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Linear/Log Scaling (Options menu)

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Available scaling options for XY plots are:

Linear X, Linear Y

This is the default scaling for all new XY plots.

Linear X , Logarithmic Y

Y values must be > 0. Data points with Y=0 are ignored.

Logarithmic X, Linear Y

X values must be > 0. Data points with X=0 are ignored.

Logarithmic X, Logarithmic Y

X and Y values must both be > 0. Data points with either X or Y=0 are ignored.

Linear X - Probability Y

Amplitudes for probability scales must be in the range 0 < y < 100, or optionally 0 < y < 1. Values less than 0.00001 (1.E-5) or greater than 99.99999 (1.E-7 or 0.9999999 for a 0-1 range) are clipped. A Cumulative Distribution Function for a normally distributed variable will plot as a straight line using "Linear X - Probability Y" scaling:



Logarithmic X, Probability Y

Probability X, Linear Y

Probability X, Logarithmic Y

Probability X, Probability Y

Tripartite Grid

Tripartite grids are generally used to plot shock spectra for a given velocity record or fragility curves for shock-sensitive equipment. By default, a tripartite grid is set up for a shock spectra plot with X values = Frequency in Hertz, Y values = velocity in inches/sec, 45 degree lines = displacement in inches, and 135 degree lines = acceleration in g's. Units, the density of the acceleration and displacement lines, and the frequency of the acc./disp. labels may be changed with the Tripartite Options menu command.

The tripartite grid selection will override the grid type selection made with the Grid Lines or Box command.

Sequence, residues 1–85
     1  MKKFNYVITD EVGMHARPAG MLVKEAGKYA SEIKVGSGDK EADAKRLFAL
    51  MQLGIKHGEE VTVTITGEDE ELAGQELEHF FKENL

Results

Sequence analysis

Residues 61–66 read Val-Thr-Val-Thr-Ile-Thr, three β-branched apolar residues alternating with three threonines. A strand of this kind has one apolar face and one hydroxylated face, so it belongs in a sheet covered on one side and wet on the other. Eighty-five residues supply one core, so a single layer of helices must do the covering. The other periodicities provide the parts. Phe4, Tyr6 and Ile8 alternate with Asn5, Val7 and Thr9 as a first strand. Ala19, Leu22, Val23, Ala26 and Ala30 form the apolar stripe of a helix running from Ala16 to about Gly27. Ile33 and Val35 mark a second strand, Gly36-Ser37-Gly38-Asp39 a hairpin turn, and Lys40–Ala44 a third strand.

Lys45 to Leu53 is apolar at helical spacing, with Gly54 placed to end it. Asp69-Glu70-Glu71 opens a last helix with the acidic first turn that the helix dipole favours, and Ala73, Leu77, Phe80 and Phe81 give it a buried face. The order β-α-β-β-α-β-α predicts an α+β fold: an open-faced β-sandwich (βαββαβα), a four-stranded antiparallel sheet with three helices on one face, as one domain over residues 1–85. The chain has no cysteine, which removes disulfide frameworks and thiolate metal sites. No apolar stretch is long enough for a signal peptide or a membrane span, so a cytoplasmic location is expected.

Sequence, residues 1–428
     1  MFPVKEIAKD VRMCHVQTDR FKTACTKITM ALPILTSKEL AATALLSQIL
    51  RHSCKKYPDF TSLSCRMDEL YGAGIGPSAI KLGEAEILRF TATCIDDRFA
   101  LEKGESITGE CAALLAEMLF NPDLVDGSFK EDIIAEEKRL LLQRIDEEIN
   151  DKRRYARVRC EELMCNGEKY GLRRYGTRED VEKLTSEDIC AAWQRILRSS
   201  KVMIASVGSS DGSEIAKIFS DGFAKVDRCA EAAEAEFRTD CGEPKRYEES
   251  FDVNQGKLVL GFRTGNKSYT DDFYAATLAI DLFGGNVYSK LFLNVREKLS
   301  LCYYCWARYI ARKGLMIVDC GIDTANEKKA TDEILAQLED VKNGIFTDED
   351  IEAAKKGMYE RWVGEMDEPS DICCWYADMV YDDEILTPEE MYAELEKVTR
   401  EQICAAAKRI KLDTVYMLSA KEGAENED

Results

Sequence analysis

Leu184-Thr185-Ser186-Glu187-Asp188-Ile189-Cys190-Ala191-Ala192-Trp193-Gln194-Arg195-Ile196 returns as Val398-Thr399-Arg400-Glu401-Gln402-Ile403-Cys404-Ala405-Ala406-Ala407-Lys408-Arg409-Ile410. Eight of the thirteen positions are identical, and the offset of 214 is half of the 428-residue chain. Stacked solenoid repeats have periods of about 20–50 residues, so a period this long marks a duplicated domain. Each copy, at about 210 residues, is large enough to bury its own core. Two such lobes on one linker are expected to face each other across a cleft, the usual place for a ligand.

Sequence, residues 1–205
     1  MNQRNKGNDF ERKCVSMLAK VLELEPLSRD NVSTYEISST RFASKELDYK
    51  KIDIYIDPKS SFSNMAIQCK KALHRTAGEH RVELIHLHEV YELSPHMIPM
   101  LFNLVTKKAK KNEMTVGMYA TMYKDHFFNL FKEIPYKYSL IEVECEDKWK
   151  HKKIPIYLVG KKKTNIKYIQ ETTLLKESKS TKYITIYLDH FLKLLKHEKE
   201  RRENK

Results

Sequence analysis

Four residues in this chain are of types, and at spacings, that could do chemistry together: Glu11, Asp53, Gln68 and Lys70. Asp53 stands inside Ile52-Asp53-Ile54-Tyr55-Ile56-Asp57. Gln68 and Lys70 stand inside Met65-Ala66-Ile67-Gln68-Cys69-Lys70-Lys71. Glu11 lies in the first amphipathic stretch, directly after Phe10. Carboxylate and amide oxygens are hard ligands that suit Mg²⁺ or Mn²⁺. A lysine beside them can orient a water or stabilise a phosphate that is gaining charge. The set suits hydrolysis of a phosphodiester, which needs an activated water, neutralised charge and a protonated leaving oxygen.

Grain Size Distribution

Amplitudes (percent finer values) for "Grain Size Distribution" scaling must be in the range 0 < y < 100, and the abscissa (grain sizes) must consist of positive values. Unlike all other scaling options, this option automatically fills in values for the X and Y axis labels, as well as a second Y axis label located on the right side of the plot. These labels may be changed, however, with the Title/Axes menu option.

By default, the grain size plot is set up for grain sizes in millimeters. A U.S. Standard Sieve scale will be drawn at the top edge of the plot, and a scale showing the range in size of common engineering materials is drawn below the X axis. These features require that the units of the grain sizes be known. The units may be changed with the Grain Size Options menu command.

Grain size distribution plots will generally have a better appearance if you force the abscissa (X) to range from 0.001 mm to 1000. mm (or 0.00001 to 100. inches) using the Manual Scaling menu option.

The grid type selection made with Grid Lines or Box is ignored.

Polar Coordinates

By default, angles are assumed to be in radians. Assumed angular units and the orientation of the plot may be changed with the Polar Plot Options menu command. Angles are displayed in degrees regardless of which unit type is in effect, unless the "Pi Multiples" or "Pi Fractions" number format is used for the X axis.

The grid type selection made with Grid Lines or Box is ignored.

Bar Chart

With multiple data sets, the abscissa must have a constant spacing for bar charts. If only one data set is used then the abscissa may have unequally-spaced values. X values are used as the lower limit of each bar, and the width of the bar is set to some fraction (default=1.0) of the spacing between points. The appearance of bar charts (filled or hollow, stacked or side-by-side, labeling bar amplitudes) may be controlled using the Bar Chart Options command.